- Australia’s top motorsports series has managed to get global stars including Max Verstappen to take part in its Eseries
- CEO Sean Seamer says the series has continued to run three nights a week of primetime programming during the Covid-19 shutdown
- Top-level motorsport is an expensive business, and the series has also been cost-cutting to make sure it sees out the shutdown
Australian motorsports series Supercars has been employing global motorsports stars to keep its fans engaged during the Covid-19 shutdown.
Like many sports properties around the world, Supercars has turned to gaming to offer fans a simulation of the competitive action it usually delivers, via the BP Supercars All Stars Eseries. And although it is very much a regional property, the series has managed to rope in international stars to add heft to the content.
Supercars chief executive Sean Seamer told SportBusiness last week: “Our primary focus is ensuring that we continue to provide premium content at a time when there is no sport. This keeps all stakeholders relevant and front of mind.”
Of the Eseries, he says: “We’re very happy with how it is performing. We’ve been working on an ‘always-on’ media strategy, and it’s great to see that come to life over the past few weeks.”
Max Verstappen, one of the biggest names in world motorsport, lined up as a wildcard in the second round of the Supercars Eseries earlier this month. Using his F1 number, 33, Verstappen’s virtual Supercar sported a similar livery to his 2020 Aston Martin Red Bull Racing F1 car. Racing from his home in Monaco, Verstappen claimed two podium finishes in two races.
— Max Verstappen (@Max33Verstappen) April 15, 2020
“I always wanted to try it…at the moment the best way possible is virtual,” Verstappen told Australian sports media group Fox Sports.
Another global star driver, Australian-born IndyCar champion Will Power, will test his skills as he joins the field of Supercars drivers this week as a wildcard entry to the BP Supercars All Stars Eseries.
The Supercars Championship is Asia-Pac’s biggest domestic motorsports series, and one of Australia’s biggest sports. It managed to complete only one event this season – the opener in Adelaide – before Covid-19 suspended the season. The series still hopes to complete a full, 14-race schedule in 2020.
Australia appears to be managing the pandemic better than many countries, although whether this translates into a return of professional sport anytime soon is yet to be seen.
“We are still weeks away from communicating a date where the season will resume,” Seamer says. “We are following government advice, but are buoyed by the progress being made in Australia in managing the virus.”
Top-level motorsport burns through cash at an alarming rate and questions have to be asked about just how long a shutdown the Supercars stakeholders can bear. Seamer said the series is “deploying a range of cost saving measures to ensure that we can go racing again as soon as possible”.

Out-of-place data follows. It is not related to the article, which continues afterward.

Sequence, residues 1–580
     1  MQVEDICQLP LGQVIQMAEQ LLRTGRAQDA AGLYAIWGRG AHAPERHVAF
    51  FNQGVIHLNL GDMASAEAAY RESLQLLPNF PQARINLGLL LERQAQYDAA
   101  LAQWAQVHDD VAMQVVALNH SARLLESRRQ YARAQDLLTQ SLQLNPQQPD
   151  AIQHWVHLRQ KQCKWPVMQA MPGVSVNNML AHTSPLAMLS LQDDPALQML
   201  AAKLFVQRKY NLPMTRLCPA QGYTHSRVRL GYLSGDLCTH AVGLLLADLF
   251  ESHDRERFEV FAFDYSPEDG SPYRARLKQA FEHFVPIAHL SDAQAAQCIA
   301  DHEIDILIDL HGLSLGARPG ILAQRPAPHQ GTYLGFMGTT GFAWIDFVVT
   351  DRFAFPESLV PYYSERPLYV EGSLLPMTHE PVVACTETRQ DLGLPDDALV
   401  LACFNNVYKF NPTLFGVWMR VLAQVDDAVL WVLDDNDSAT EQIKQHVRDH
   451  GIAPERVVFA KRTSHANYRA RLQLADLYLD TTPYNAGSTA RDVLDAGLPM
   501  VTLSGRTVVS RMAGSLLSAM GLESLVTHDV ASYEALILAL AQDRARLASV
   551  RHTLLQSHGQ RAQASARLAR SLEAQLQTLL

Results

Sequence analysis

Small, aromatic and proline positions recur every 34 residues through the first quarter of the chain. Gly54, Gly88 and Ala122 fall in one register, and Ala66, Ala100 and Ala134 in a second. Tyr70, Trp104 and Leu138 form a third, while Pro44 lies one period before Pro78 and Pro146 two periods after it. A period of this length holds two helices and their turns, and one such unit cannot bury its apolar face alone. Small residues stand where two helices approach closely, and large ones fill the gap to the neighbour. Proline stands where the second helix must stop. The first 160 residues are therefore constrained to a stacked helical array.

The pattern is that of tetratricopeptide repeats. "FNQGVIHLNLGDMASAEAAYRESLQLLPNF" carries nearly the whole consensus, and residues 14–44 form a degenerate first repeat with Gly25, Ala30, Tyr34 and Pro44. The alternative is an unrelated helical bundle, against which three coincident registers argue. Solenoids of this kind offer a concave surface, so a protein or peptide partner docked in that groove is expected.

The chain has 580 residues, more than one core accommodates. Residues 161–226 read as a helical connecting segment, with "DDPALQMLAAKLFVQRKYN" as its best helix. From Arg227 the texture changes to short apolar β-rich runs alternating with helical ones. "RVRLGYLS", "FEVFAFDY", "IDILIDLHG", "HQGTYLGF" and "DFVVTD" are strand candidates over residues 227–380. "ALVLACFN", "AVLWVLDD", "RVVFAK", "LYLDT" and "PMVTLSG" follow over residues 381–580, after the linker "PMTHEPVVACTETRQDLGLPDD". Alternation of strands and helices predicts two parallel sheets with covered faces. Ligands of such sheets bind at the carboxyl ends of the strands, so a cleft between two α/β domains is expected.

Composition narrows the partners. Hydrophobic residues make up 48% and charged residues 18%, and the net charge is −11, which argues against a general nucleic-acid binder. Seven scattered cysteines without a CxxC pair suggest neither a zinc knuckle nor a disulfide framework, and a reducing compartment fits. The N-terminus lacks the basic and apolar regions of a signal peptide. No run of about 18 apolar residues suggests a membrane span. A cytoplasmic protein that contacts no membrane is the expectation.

There was worrying news for Supercars this week after its title sponsor since 2016, airline Virgin Australia, entered voluntary administration. Virgin’s current, five-year deal was to finish at the end of this year. It is reportedly worth A$1.5m (€850,000/$950,000) per year.
Supercars’ current domestic media rights agreements with commercial free-to-air broadcaster Ten and pay-television operator Foxtel are due to expire at the end of the year. In 2013, the series struck six-year rights deals with Ten and Foxtel covering the 2015 to 2020 seasons, worth a total of A$241m (€134.8m/$148m), or A$40m per season.
Many broadcasters around the world are delaying payments due under their sports media rights deals, where content is not being delivered. But in other cases, broadcasters are continuing to make payments, to ensure that the properties on which they depend for content remain in business.
It’s not known how Supercars’ commercial agreements have been affected. Seamer told SportBusiness: “We are fortunate to have enduring partnerships with all of our partners and their support has been fantastic in what is a challenging time for everyone.”
Supercars has ramped up other activities to keep fans engaged, supply media partners with content, and satisfy sponsorship agreements. “We have three nights a week of reality, Eseries and live TV shows running in primetime to ensure that we stay relevant and front of mind at this time,” Seamer says.
Like all good entrepreneurs, Seamer has been using the Covid-19 downtime to consider the how to benefit from the return of his business, whenever that happens.
“This is a great opportunity for us to reset the sport and look at how we can do things differently – everything is on the table and we have an innovative and entrepreneurial group of people working to make sure we come back strong,” he says. “We will do whatever it takes to make sure we can go racing again. We’re an important part of Australian culture and will remain so for many years to come.”